"I saw one no-hitter in pro ball and it wasn't near that dominant," Auburn pitching coach Mark Fuller said. "When a guy gets better in the ninth than he is in the first, second, third or fourth with the pressure on, that tells you what kind of kid you've got right there."
Dominant is almost not strong enough to describe Brandon's performance on the mound. Throwing just 94 pitches, the sophomore from Nashville struck out 12 Thoroughbreds and only allowed a few hard-hit balls the entire game. Perhaps no inning summed up his outing like the top of the ninth. With the crowd standing and cheering in anticipation of history being made, Brandon took on hitters Mike Voyles, Brian Boeshko and Charlie Ward for Murray State. Just like he had done all day, Brandon went right for the jugular and struck out the side to seal perfection.
Brandon looks in for the signs from catcher Bobby Huddleston.
"That kid, it doesn't matter what he has," Auburn catcher Trent Pratt said of Brandon in the ninth inning. "If he would have given up four runs he would still have that same approach. He's the type of kid that is never going to back down to anyone, he's going to go after them the whole time. I wasn't surprised a bit he was that good in the ninth inning."
Brandon's gem overshadows a team performance by Auburn that defies logic. Once again the bats couldn't get warm on a damp and soggy Alabama day. In fact, the Tigers only had one hit themselves through five and one/third innings thanks to a solid performance by Murray State starter Jesse Rhodes. But that changed quickly as a walk to Tug Hulett and a Bobby Huddleston single eventually led to the first run of the game. Setting the table for Mike Mueller, Hulett would score when the big left-hander laced a double down the left field line for the 1-0 Auburn lead.
Javon Moran scores on a Tug Hulett double in the seventh.
Things would go from bad to disaster for Murray State in the bottom of the seventh though thanks to an eight-run inning on eight hits. With one out and nobody on, shortstop Chuck Jeroloman singled up the middle to get things going for the Tigers. Javon Moran was up next and he delivered, ripping a double into right-center field to score Jeroloman and give the Tigers a 2-0 lead.
That looked to be all Brandon would need, but Auburn was just getting started. Six hits later, with the big blow coming from Scott Schade in the form of a two-run double, Auburn was up 9-0 and all that was left was Brandon finishing out his shot at immortality.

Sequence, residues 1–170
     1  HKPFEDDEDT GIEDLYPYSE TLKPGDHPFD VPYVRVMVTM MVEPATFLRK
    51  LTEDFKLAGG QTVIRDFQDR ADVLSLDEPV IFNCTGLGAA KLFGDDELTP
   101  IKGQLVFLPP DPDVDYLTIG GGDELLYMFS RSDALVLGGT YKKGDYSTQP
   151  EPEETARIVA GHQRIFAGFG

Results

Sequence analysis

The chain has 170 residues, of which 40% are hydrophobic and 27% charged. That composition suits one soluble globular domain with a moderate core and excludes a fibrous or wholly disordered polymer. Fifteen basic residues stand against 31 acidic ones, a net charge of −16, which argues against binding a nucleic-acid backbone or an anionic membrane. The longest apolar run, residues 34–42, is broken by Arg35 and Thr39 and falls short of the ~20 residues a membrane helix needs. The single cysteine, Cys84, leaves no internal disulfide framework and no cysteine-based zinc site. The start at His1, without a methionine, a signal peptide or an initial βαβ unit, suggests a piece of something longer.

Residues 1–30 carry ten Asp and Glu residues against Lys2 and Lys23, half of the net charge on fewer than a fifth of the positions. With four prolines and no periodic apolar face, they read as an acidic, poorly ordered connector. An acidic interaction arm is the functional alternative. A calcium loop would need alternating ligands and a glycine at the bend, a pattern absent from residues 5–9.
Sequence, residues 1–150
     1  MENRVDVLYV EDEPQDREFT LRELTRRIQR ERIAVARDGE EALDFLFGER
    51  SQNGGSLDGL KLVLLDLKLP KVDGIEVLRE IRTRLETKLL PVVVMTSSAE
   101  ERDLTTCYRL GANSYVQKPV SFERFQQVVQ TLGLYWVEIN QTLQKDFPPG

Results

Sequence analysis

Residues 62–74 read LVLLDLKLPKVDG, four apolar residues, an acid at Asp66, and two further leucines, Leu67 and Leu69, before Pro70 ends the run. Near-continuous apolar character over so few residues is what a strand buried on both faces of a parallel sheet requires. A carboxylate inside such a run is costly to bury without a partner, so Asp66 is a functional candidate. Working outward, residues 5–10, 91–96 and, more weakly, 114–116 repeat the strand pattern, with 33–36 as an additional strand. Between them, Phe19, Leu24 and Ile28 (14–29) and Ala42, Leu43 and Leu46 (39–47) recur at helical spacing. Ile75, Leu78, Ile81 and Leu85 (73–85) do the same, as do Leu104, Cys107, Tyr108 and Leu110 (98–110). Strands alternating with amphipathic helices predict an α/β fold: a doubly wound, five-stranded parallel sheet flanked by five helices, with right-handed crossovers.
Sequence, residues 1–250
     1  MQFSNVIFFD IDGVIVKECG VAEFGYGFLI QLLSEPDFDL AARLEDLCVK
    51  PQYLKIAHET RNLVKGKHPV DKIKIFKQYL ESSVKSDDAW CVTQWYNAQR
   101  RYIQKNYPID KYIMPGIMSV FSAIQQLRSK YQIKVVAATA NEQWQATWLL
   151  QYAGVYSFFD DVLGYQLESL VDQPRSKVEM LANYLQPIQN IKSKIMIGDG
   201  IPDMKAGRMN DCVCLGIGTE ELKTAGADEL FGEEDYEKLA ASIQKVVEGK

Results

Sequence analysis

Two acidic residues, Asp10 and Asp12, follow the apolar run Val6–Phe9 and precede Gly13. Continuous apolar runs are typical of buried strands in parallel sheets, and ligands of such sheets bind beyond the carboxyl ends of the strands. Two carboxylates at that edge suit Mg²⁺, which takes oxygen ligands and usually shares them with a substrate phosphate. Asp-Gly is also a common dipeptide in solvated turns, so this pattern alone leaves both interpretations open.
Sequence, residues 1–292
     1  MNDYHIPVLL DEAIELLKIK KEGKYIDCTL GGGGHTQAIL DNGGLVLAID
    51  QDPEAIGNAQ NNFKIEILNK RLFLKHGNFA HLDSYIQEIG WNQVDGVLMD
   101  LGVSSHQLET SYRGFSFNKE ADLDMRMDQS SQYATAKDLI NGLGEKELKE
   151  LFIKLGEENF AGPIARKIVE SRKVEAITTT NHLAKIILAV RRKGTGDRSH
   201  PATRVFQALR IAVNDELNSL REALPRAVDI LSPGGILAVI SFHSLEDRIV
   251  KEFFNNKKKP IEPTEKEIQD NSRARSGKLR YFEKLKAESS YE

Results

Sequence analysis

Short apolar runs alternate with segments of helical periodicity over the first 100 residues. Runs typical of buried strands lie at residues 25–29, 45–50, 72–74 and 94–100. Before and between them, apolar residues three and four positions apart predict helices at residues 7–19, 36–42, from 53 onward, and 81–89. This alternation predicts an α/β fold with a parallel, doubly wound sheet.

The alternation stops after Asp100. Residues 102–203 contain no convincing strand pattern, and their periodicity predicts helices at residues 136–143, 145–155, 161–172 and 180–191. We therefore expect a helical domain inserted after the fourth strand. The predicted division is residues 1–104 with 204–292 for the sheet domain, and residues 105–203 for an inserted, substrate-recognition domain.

"The inning we scored the eight runs, I wanted to get out of it with about five," a relieved Brandon said after the game. "I felt pretty good out there today. My change-up started working about the seventh and my slider really started working about the sixth or the seventh. I was going with fastballs pretty much all day then all of the sudden, in the late innings, I got better."
Showing the command of his pitches that has made him dominant all season, Brandon continued to go right at the Murray State batters into the late innings. Junior Bobby Huddleston, who caught the first seven innings of Saturday's game, said that this was a continuation of what he has witnessed all year from the hard-throwing Brandon.
"There was nothing different about him today," Huddleston said. "He was as good as he's always been. He just got the big pitches when he needed them. He was unbelievable. He was getting more of the corners than I think I have ever seen him. He had every pitch working like always, but somebody was looking out for him and saying today was his day."
Auburn has had a perfect game in its past as Jason Johnson pitched a perfect game against LaGrange College back in 1991, but it was only for seven innings. On the year Brandon has struck out 26 batters without allowing a walk in 25 innings pitched.
The same two teams wrap up the weekend series on Sunday when Colby Paxton takes the mound for the Tigers trying to follow two straight solid performances on the mound. On the season Paxton is 2-1 with an ERA of 4.32.